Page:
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High Blood Pressure Harms Women's Sexual Function, Too


WebMD Health News

June 28, 2000 -- Whether it's a matter of not being "in the mood" or having difficulties with vaginal dryness or orgasm, women's sexual difficulties can stem from a variety of causes. Now it appears that a culprit long associated with men's erectile problems, high blood pressure, also can diminish women's sexual pleasure.

Although it has long been known that men with high blood pressure are more likely to have difficulty with erections, little medical research has been done in women. This is because in men, the question is more simple and focused: Can the man get and sustain an erection, or can't he?

With women, there are more questions and fewer ways to evaluate them: the level of desire, ability to remain excited, degree of vaginal lubrication, and frequency of orgasms, as well as overall satisfaction with the relationship.

One trend in researching women's sexual problems is to determine which conditions known to cause erectile problems in men, such as diabetes and high blood pressure, also create problems for women. Apparently, high blood pressure does not discriminate when it comes to sexual dysfunction, according to a study published in the June issue of the American Journal of Hypertension.

In this study of premenopausal women, those with high blood pressure were more likely to report a decrease in vaginal lubrication, less frequent orgasm, and more frequent pain with intercourse than were women with normal blood pressure, the authors write. But this doesn't mean that sexual difficulties are a tip-off to heart disease, co-author Carol Lewis, MSW, MPH, tells WebMD.

"So many medical conditions can affect sexual functioning, and sexual difficulties can also be unrelated to other aspects of a patient's health," she says. "However, patients need to report problems with sexual functioning, as they would any other aspect of their health."

Lewis and colleagues found a link connecting women's sexual problems to high blood pressure, whether or not the blood pressure was being treated, she tells WebMD. Therefore, women on blood pressure medication should report any changes "whether or not they think the change is drug-related," she says. Lewis is an epidemiologist and behavioral scientist at the Research Institute of Bassett Healthcare in Cooperstown, N.Y.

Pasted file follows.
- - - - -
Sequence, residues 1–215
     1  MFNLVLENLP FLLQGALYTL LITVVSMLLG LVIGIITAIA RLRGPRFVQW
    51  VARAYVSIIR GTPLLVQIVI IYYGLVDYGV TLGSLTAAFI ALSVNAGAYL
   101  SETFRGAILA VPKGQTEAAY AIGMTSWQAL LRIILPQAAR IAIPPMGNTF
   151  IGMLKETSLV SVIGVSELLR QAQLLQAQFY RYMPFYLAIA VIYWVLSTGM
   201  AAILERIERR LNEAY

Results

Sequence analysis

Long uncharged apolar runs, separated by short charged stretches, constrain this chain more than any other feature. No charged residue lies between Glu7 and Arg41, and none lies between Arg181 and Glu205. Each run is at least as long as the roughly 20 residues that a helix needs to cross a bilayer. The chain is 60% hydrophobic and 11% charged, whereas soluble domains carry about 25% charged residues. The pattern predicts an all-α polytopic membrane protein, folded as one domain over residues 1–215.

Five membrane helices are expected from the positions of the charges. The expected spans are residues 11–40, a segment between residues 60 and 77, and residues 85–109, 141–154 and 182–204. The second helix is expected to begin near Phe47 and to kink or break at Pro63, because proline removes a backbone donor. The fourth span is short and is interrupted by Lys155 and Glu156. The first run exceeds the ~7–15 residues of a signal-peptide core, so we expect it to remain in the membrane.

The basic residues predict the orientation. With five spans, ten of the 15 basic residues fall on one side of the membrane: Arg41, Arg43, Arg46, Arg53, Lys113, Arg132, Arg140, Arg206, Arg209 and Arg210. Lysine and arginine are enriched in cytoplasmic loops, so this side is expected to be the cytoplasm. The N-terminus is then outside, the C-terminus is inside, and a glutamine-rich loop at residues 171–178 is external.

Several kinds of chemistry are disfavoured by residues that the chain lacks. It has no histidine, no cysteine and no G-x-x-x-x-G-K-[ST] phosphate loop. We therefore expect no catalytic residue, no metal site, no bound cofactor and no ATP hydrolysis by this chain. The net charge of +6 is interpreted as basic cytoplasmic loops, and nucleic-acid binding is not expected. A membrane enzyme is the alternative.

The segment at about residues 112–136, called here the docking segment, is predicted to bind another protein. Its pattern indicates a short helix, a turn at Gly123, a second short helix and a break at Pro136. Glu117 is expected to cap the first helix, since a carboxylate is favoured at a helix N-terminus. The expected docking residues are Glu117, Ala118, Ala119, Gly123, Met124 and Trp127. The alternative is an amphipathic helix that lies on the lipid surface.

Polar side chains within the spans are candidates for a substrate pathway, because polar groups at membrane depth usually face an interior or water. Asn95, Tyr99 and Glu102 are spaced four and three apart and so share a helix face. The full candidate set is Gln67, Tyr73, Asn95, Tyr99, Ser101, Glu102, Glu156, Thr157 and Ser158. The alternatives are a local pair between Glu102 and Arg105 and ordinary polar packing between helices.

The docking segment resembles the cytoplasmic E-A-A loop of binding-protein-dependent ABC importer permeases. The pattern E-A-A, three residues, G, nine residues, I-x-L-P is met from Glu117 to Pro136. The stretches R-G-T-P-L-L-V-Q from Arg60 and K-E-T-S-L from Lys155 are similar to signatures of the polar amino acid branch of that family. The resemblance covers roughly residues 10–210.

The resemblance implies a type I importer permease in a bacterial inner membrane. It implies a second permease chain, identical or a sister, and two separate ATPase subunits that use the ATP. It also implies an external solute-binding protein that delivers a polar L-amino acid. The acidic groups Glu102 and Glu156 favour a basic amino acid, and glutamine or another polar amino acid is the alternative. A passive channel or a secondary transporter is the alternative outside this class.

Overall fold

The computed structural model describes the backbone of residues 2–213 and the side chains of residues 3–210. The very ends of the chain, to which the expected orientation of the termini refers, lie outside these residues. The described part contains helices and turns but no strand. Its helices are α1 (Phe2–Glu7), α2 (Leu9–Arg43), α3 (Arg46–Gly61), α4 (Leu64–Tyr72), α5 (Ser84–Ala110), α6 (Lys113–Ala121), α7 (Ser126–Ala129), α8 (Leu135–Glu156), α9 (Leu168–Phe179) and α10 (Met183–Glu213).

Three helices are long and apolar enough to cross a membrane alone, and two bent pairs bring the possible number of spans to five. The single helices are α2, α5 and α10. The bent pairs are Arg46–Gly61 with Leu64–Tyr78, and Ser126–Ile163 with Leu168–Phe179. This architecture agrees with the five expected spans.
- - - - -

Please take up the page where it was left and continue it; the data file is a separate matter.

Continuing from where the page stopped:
The investigators identified 224 women who were in heterosexual relationships who either had or did not have mild high blood pressure. The women completed a self-administered questionnaire and participated in a telephone interview.

There were no differences between medicated and unmedicated women, or by the type of medication used to treat their blood pressure. Current smokers were more likely to report problems with orgasms than were nonsmokers.

"Patients should be aware of sexual difficulties and open to discussing them with their doctors, especially if they have hypertension," Daniel C. Fisher, MD, tells WebMD. He is a cardiologist at New York University Medical Center in New York City.

"If your sex life is not what you want it to be, or even if you don't know what it should be, talk to your physician. Several health problems can affect your sexual function," Steven C. Kaplan, MD, tells WebMD. Kaplan is a professor of urology at Columbia University and researcher in sexual function at Columbia Presbyterian Medical Center. He was not involved in the study.

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